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Guitarist/Composer Eric Krasno Pulls 'Blood From A Stone' by Singing, FMG [REVIEW]

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Aug 30, 2016 09:50 AM EDT | Mike Greenblatt (m.greenblatt@classicalite.com)

Eric Krasno

Guitarist Eric Krasno waiting on a friend. The composer has helped the Stones onstage and now helps himself on CD with 'Blood From A Stone.' (Photo : courtesy Feel Music Group)

Guitarist Eric Krasno's Blood From A Stone (Feel Music Group) rocks righteously on its merry way through funky blues, R'n'B, Americana and what you might call instant classic rock. It's a collaborative effort between he and his main man Dave Gutter who holed up in Gutter's Maine barn with Ryan Zoldis to write, record and listen over and over to The Bobby Blue Bland Blues Band's 1974 Dreamer and the controversial-in-'68 Electric Mud by Muddy Waters.

Opener "Waiting On Your Love" has as much to do musically with Jimi Hendrix as it does Bland or Waters. "Please Ya" could've been recorded by Al Green in his early days. "On The Rise" gets jammy with its drum and bass groove, samples and vocal harmony. Krasno sings from the soul and, during post-production in Brooklyn, added his own bass, moog synthesizer, Wurlitzer organ and that distinctive Brazilian percussive cajon. Keyboardist Nigel Hall also adds major spice throughout.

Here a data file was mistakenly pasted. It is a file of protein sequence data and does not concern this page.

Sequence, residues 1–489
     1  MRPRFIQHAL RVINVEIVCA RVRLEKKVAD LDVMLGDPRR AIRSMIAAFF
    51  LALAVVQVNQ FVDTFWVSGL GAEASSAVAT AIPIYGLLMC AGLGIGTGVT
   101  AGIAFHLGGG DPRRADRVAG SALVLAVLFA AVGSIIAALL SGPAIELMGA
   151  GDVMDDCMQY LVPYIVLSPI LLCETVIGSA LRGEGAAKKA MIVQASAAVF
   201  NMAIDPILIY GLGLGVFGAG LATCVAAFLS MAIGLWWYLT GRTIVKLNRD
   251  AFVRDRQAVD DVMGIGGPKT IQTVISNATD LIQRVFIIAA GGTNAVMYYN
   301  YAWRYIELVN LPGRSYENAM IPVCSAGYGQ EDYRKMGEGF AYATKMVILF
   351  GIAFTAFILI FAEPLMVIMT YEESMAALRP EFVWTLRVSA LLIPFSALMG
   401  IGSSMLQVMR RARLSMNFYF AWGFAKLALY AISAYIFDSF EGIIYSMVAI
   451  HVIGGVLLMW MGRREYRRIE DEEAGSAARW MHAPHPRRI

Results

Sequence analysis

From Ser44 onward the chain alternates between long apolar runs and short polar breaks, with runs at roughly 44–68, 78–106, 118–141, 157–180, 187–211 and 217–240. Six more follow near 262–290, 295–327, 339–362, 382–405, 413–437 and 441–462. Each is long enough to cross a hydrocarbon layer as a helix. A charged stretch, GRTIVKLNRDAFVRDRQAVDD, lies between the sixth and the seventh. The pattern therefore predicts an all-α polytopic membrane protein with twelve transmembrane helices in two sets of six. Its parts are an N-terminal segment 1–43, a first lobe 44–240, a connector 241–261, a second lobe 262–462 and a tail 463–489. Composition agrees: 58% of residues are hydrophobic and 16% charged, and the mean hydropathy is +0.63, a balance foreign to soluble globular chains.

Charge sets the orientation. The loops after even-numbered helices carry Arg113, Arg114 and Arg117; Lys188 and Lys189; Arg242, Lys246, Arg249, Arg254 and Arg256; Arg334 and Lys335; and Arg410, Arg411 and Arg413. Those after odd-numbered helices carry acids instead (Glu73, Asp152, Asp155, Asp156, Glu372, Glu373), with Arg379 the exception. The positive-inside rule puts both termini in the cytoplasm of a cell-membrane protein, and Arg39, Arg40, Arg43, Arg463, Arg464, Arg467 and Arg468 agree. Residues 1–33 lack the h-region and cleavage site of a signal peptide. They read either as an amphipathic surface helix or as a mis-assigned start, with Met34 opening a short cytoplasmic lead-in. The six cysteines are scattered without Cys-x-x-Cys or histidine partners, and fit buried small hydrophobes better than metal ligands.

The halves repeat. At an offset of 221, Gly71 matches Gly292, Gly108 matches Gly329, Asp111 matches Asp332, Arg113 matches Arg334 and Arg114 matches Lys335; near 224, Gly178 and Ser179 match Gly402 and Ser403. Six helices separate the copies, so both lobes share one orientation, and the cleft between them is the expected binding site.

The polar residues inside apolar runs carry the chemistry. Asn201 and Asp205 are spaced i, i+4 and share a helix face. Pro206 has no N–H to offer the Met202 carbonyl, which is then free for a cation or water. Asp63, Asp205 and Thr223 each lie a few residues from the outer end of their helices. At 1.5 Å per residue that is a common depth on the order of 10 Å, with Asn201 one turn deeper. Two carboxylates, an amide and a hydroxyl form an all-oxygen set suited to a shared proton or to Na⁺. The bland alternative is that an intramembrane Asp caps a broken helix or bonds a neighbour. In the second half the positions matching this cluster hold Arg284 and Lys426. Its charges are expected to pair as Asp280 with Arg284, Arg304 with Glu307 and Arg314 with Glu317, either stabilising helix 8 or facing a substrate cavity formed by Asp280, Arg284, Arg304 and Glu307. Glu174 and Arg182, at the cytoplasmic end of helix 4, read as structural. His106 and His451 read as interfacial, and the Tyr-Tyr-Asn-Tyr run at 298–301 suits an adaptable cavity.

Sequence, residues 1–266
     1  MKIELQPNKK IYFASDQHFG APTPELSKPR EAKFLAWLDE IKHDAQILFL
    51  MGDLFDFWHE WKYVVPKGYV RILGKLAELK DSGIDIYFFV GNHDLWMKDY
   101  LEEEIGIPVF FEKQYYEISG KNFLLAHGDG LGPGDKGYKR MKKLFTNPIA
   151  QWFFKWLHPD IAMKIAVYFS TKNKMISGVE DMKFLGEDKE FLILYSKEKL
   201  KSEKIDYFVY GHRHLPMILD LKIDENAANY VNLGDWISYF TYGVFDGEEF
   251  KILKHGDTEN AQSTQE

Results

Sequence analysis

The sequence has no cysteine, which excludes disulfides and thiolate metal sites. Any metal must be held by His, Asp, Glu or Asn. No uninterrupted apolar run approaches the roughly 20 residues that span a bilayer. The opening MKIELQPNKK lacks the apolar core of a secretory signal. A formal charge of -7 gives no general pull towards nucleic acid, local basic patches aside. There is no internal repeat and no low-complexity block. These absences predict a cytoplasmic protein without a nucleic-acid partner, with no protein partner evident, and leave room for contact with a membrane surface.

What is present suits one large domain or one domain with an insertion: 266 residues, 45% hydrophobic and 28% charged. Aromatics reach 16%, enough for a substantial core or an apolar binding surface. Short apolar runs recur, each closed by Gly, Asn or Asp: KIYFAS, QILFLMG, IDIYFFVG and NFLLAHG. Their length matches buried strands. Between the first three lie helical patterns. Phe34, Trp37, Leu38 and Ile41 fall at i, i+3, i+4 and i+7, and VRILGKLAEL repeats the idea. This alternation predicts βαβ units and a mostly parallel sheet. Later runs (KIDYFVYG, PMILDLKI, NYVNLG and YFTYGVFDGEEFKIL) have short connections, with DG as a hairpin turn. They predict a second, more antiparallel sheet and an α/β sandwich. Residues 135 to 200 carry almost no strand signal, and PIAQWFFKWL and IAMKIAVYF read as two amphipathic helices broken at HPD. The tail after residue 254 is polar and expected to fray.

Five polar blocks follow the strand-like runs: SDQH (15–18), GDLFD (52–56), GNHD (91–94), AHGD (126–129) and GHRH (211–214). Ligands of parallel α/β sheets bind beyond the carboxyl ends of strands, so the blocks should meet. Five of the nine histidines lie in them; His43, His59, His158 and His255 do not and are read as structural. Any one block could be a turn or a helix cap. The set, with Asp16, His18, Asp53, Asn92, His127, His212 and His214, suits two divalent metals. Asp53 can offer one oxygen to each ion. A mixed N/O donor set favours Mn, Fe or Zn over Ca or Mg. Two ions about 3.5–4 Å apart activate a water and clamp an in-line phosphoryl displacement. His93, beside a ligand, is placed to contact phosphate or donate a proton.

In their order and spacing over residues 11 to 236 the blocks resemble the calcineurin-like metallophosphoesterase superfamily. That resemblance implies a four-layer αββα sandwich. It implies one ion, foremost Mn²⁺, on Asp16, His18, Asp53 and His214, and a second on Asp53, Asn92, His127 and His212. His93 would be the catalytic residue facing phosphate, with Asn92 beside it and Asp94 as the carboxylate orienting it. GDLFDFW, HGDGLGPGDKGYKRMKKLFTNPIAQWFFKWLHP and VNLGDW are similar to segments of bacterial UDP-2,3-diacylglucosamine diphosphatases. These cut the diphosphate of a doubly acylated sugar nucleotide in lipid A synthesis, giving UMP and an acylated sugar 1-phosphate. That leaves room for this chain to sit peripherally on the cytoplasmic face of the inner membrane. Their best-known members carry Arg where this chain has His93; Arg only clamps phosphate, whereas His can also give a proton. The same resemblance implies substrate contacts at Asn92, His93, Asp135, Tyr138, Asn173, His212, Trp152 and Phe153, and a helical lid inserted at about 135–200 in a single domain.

Krasno is that guy who you've probably heard hundreds of times for the past two decades without knowing it. He's been onstage beefing up the Rolling Stones and The Roots. His hot smokin' Soulive trio has been around for 16 years. (Their 2010 Rubber Soulive is arguably one of the best album tributes ever.) He's produced and written for Talib Kweli, Norah Jones, The Tedeschi Trucks Band, 50 Cent and Aaron Neville. In fact, former Allman Brother Derek Trucks chips in on guitar for the heavily percussive "Curse Lifter." When they trade licks like Eric and Duane on "Layla," Krasno is in your right speaker and Trucks is in your left.

It's almost unfair for one guy to have so much talent. This is his first foray into singing lead and he's a natural, especially on the love-gone-wrong nightmares of "Torture" and "Jezebel." Even he says that he could've very well spent his whole career writing and playing in the service of others: "I didn't know I had this in me." Now both he and we know.

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